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An adventure to remember

November 15, 2013

One hundred mules walking down Western Avenue in the San Fernando Valley on Nov. 11 at the conclusion of “100 Mules Walking the Los Angeles Aqueduct.” The procession crossed three counties and passed through 50 communities on its journey from the Owens Valley to Southern California. Photo by Osceola Refetoff

(Lauren Bon and The Metabolic Studio’s “100 Mules Walking the Los Angeles Aqueduct,” an art action to commemorate the 100th anniversary of the opening of the L.A. Aqueduct, departed the Owens Valley Friday, Oct. 18 for a 27-day, 240-mile journey to Los Angeles. Yesterday, the mules, their riders and trip organizers were welcomed back to the Owens Valley with a public meet-and-greet at the Tri-County Fairgrounds in Bishop. Here, Chris Langley reflects on the historic trip, the conclusion of the journey in downtown L.A. and what’s to come next. – Ed.)

Suddenly down Western Avenue there were hundreds of fluttering American flags and mounted riders off in the distance. At first, thoughts of a color guard appropriate for a traditional Veterans Day parade came to mind. But there were so many animals and flags.
The parade was moving quickly across intersections: Glenoaks, Victory and on to Riverside. Then the mules, each with two American flags and proud riders astride waving to friends, and Eastern Sierra packers minding their strings, came into view – passing by in a speedy trot. The smell of mule briefly filled the air, covering the typical urban smell of exhaust. A street sweeper followed immediately and the city streets returned to normal.
“100 Mules Walking the Los Angeles Aqueduct,” the Lauren Bon and Metabolic Studio “art action” commemorating the centenary of the L.A. Aqueduct, was completing the last leg of their 240-mile journey across three counties and touching 50 communities. In the background you could almost hear the Grateful Dead singing, “What a long strange trip it’s been.”
The mules looked proud but dusty as they came over the concrete hill. The riders looked exhilarated and thrilled to see the small crowds along their route and finally the larger group awaiting them at the Los Angeles Equestrian Center in Burbank, their final destination.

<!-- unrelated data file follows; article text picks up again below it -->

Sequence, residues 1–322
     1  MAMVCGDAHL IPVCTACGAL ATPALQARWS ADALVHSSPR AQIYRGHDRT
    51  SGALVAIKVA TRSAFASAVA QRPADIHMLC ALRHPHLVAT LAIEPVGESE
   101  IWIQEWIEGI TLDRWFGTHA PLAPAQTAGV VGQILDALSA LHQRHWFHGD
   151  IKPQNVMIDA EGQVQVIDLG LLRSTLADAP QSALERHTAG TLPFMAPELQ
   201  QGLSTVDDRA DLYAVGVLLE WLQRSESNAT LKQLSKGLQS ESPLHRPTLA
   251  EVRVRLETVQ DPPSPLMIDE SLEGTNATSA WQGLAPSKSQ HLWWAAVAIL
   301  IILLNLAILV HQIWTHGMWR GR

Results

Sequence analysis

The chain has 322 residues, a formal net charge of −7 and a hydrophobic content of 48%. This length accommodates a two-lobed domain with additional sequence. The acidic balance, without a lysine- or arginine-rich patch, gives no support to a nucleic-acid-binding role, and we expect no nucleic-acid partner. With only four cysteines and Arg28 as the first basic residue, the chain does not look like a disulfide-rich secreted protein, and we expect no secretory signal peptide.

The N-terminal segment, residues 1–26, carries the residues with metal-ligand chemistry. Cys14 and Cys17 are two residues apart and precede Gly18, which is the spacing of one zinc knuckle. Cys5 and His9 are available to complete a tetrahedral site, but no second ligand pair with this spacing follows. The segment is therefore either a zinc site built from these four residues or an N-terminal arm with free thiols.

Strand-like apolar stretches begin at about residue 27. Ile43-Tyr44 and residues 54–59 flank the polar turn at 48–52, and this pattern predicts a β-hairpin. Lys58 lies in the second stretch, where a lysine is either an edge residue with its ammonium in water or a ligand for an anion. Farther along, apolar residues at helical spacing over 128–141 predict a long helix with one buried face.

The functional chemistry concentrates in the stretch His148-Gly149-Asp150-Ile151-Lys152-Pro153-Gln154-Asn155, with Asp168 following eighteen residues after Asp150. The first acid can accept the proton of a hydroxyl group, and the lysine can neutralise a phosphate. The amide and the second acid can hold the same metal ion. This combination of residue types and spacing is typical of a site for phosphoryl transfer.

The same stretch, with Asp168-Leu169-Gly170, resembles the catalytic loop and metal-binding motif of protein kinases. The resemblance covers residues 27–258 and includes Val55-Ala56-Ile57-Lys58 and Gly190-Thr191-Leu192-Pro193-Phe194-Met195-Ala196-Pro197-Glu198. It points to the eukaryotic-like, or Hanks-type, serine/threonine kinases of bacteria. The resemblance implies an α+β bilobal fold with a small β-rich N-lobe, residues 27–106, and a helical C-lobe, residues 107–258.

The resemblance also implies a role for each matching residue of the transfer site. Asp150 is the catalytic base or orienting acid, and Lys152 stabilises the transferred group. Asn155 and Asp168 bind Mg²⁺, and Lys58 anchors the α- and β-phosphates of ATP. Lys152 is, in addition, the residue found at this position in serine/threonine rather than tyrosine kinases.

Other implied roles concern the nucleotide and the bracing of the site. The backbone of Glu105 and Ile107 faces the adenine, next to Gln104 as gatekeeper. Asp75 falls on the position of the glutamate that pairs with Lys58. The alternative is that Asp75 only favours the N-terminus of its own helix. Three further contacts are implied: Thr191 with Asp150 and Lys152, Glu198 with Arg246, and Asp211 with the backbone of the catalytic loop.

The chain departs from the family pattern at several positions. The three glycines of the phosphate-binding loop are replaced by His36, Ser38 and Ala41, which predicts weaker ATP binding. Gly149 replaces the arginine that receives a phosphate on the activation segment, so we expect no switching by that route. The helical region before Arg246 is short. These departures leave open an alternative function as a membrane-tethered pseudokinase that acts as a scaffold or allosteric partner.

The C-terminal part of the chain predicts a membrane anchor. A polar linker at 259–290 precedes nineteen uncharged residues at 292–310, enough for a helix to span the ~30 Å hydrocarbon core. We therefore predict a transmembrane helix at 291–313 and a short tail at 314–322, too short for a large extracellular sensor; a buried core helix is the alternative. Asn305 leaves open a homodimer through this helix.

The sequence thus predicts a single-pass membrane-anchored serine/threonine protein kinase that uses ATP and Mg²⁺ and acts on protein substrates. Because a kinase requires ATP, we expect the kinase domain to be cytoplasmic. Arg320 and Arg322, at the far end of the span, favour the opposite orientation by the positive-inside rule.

Many months ago, Lone Pine resident Kathy Jefferson Bancroft had suggested the basic idea to Lauren Bon when Bon was creating an event that would do what artists do: make people think about themselves, their lives and their futures. In this case, Bon also wanted them to meditate on human interaction with our landscape and the lack of water in the West.
The 100 mules, the riders, the dreamers, the support people wearing white and blue “100 Mule” T-shirts, a crowd of enthusiasts and the curious all gathered to see the spectacle’s conclusion at the Equestrian Center. The mules paraded proudly, then went on the urban bridle path, and then to rest. They had to be as tired if not more so than the Eastern Sierra wranglers organized by Jennifer and Lee Roeser of 8 Mile Ranch north of Independence and the McGee Pack Station north of Bishop. The event brought an economic boon to the Eastern Sierra, providing steady work to the packers who usually are shutting up business for the winter at this point.
Also meeting the mules were an entourage of friends from Lone Pine and Independence who had been touched by the event as they passed south from the Aqueduct Intake nearly a month before. Some had ridden, some had worked on the project or other Metabolic Studio projects, and some just had fallen in love with the idea. The one thing that was certain: a larger community of disparate groups had formed around the 100 Mules.